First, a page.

Welcome to Science Fiction Thrillers
Posted on August 22, 2011 by Joanne Elder
This site is devoted to a subgenre of Science Fiction: Science Fiction Thrillers. For those of us who love this genre, it’s particularly frustrating picking through Sci-Fi reviews looking for a great read that also falls into the thriller genre. Over time, it is my intention to ease that frustration by providing reviews and book trailers dedicated to this great sub-genre of science fiction.
I recently came across a great blog post by Amy Rogers detailing the differences between Science Fiction Thrillers and Science Thrillers. She was kind enough to let me share this with you. Her website, www.sciencethrillers.com is dedicated to book reviews of science and medical thrillers. If you are a fan of this genre, this site is definitely worth bookmarking.
What is a science thriller?
In the past year I’ve posted over 50 reviews of books I deem to be “science thrillers.” I have declined to review some because I felt they were “science fiction.”
So what’s the difference?
To paraphrase a worn-out but still-apt quote from a Supreme Court Justice, the difference between science thrillers and science fiction/SF/SciFi is like pornography: hard to define, but (usually) I know it when I see it.
Here are my not-so-hard-and-fast rules describing the difference between a science thriller and a science fiction book. Tell me if you agree or disagree by posting a comment!
- Usually fiction (novels or short stories) but can also be nonfiction (e.g. The Hot Zone)
- Are set in the real world (or something recognizably similar to it)
- Plot occurs in the present, though historical fiction science thrillers do exist (e.g. Deadly). Historical books are usually set in “the present,” just from the perspective of an earlier time, with no significant rewriting of history.
- Science or medicine is important–nay, crucial–to the plot
- Technology alone does not make a science thriller (e.g. military technothrillers such as Tom Clancy’s The Hunt for Red October don’t qualify)
- Story must be plot-driven, page-turning, with some (or a lot of) action
- The science should be largely grounded in scientific reality. If a scientific plot element is technically impossible, it must be plausible to an average reader.
- Always fiction
- May be set in any world, real or imagined, earth-bound or outer-space
- Plot events may occur at any time (past, present, or future); the future and indeterminate times (“a long time ago in a galaxy far, far away”) are popular in this genre. History can be rewritten at will.
- Science or technology may be important to the plot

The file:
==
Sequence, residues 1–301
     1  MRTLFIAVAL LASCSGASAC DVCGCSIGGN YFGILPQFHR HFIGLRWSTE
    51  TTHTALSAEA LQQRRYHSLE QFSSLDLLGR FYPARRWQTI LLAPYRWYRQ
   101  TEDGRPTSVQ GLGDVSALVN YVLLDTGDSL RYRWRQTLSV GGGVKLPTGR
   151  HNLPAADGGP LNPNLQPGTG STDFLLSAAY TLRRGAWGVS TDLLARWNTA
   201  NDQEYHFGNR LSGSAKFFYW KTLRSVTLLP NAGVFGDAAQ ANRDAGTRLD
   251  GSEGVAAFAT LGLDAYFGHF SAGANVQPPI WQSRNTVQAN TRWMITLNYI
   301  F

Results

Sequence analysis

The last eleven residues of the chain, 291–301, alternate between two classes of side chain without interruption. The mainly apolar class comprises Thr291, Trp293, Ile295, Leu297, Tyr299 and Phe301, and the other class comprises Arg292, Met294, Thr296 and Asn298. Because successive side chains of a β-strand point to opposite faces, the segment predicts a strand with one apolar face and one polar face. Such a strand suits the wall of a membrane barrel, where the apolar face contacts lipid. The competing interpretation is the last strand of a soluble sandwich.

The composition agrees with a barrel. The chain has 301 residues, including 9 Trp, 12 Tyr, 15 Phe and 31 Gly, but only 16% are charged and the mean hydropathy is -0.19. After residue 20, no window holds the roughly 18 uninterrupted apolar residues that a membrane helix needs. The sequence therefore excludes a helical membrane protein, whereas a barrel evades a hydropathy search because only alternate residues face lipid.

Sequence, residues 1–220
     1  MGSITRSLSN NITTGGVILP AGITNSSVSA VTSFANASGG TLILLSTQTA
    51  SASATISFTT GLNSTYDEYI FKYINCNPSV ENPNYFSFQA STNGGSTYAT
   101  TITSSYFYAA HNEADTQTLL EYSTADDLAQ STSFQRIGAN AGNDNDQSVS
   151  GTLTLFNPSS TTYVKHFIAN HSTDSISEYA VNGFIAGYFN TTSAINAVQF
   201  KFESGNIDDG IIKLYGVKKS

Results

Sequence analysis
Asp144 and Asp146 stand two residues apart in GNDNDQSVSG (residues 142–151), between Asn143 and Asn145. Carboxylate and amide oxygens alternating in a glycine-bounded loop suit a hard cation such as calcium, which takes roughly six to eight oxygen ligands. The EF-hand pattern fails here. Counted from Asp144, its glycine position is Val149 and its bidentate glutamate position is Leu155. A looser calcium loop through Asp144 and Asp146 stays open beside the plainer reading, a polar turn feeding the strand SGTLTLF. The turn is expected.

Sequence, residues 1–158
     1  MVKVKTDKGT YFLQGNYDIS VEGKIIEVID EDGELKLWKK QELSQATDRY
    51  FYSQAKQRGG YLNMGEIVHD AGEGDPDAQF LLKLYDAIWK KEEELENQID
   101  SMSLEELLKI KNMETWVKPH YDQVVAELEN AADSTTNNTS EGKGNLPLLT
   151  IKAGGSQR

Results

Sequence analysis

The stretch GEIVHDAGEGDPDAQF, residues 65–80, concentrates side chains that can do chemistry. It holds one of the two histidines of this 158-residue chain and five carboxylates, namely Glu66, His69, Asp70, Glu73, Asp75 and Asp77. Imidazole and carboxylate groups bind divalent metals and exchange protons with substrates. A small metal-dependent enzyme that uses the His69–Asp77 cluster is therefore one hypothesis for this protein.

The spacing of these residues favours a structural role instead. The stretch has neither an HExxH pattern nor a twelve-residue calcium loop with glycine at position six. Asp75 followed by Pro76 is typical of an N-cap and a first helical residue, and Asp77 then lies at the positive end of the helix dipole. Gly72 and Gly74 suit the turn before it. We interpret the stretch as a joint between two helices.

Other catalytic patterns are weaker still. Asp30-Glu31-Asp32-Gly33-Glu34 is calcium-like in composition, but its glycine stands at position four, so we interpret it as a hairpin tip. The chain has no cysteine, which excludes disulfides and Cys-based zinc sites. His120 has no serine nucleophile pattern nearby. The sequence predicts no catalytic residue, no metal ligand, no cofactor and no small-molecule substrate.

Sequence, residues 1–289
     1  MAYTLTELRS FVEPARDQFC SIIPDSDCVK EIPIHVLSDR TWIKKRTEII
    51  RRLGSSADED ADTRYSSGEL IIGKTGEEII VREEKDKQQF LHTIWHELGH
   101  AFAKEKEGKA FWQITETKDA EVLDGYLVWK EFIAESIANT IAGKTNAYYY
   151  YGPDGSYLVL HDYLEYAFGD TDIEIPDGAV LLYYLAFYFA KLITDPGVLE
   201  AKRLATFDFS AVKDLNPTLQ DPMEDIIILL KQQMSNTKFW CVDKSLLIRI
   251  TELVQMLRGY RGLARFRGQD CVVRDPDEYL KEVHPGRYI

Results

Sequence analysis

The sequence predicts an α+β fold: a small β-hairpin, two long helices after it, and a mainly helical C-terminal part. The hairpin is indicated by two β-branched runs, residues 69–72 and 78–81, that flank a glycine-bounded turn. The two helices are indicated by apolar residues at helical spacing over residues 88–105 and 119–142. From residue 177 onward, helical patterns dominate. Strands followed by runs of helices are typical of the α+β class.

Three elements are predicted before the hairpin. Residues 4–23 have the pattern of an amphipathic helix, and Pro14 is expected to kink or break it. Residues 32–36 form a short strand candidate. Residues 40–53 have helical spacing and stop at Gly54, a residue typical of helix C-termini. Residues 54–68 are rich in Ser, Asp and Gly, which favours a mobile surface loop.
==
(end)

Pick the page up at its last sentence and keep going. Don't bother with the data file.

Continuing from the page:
- May be plot-driven and action-packed, or can be quite literary
- Scientific plot elements don’t have to be realistic. Time travel, warp speed, and mind-reading are all okay.
I think the final point of each list is the main distinction. Any novel must be believable; readers will suspend their disbelief only so far before they close the book and put it down. But what passes for “believable” depends on the reader’s expectation. In SF stories, the author is allowed to create entire worlds from their imagination. Those worlds have their own rules and the author is merely obliged to follow them, no matter how outrageous they are. (Note that in SF the rules don’t have to be “realistic”, but they must be internally consistent. If character X teleports out of a sticky situation in chapter 5, he shouldn’t be trapped by a similar sticky situation in chapter 7.)
Science thrillers, on the other hand, are constrained by reality. The rules of the world in the story are generally the same as the rules in the real world. Trouble is, reality is boring. The challenge for the science thriller writer, then, is to tweak reality–make it exciting–without straining the credulity of the reader too far.
Because of this, I think writers with a strong technical background are uniquely qualified to write good science thrillers. We know enough to lead the reader into scientific territory that is cutting-edge, but true. The reader, ever suspicious, learns to accept our authority when we introduce him to some technical wonder he hasn’t heard of before. Then, once we have earned his trust, we can start making things up.
In the best science thrillers, the parts that are made-up are discernible only to specialists in the field. (Michael Crichton was a master at this; see my mythbusting posts.) Everybody else buys it hook, line, and sinker. When you’re reading a book for fun, that’s precisely what you want. It’s a terrible feeling when some glaring absurdity or inconsistency in a story yanks you out of the pages and makes you realize it’s only a book after all.
What do you think?